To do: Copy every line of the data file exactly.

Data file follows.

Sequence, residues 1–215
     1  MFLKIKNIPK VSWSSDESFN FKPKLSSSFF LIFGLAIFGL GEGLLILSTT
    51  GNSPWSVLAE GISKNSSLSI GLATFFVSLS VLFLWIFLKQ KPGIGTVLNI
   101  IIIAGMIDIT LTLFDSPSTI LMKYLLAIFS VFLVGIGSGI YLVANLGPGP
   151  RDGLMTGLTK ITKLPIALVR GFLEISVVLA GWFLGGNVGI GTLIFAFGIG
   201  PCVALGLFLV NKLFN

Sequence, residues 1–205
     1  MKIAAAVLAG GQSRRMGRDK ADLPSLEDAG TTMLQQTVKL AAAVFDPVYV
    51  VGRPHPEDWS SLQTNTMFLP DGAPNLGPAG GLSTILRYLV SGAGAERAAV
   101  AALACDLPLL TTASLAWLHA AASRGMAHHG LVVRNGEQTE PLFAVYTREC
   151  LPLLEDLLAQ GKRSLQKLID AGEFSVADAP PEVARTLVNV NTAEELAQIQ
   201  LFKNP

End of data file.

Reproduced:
Sequence, residues 1–215
     1  MFLKIKNIPK VSWSSDESFN FKPKLSSSFF LIFGLAIFGL GEGLLILSTT
    51  GNSPWSVLAE GISKNSSLSI GLATFFVSLS VLFLWIFLKQ KPGIGTVLNI
   101  IIIAGMIDIT LTLFDSPSTI LMKYLLAIFS VFLVGIGSGI YLVANLGPGP
   151  RDGLMTGLTK ITKLPIALVR GFLEISVVLA GWFLGGNVGI GTLIFAFGIG
   201  PCVALGLFLV NKLFN

Sequence, residues 1–205
     1  MKIAAAVLAG GQSRRMGRDK ADLPSLEDAG TTMLQQTVKL AAAVFDPVYV
    51  VGRPHPEDWS SLQTNTMFLP DGAPNLGPAG GLSTILRYLV SGAGAERAAV
   101  AALACDLPLL TTASLAWLHA AASRGMAHHG LVVRNGEQTE PLFAVYTREC
   151  LPLLEDLLAQ GKRSLQKLID AGEFSVADAP PEVARTLVNV NTAEELAQIQ
   201  LFKNP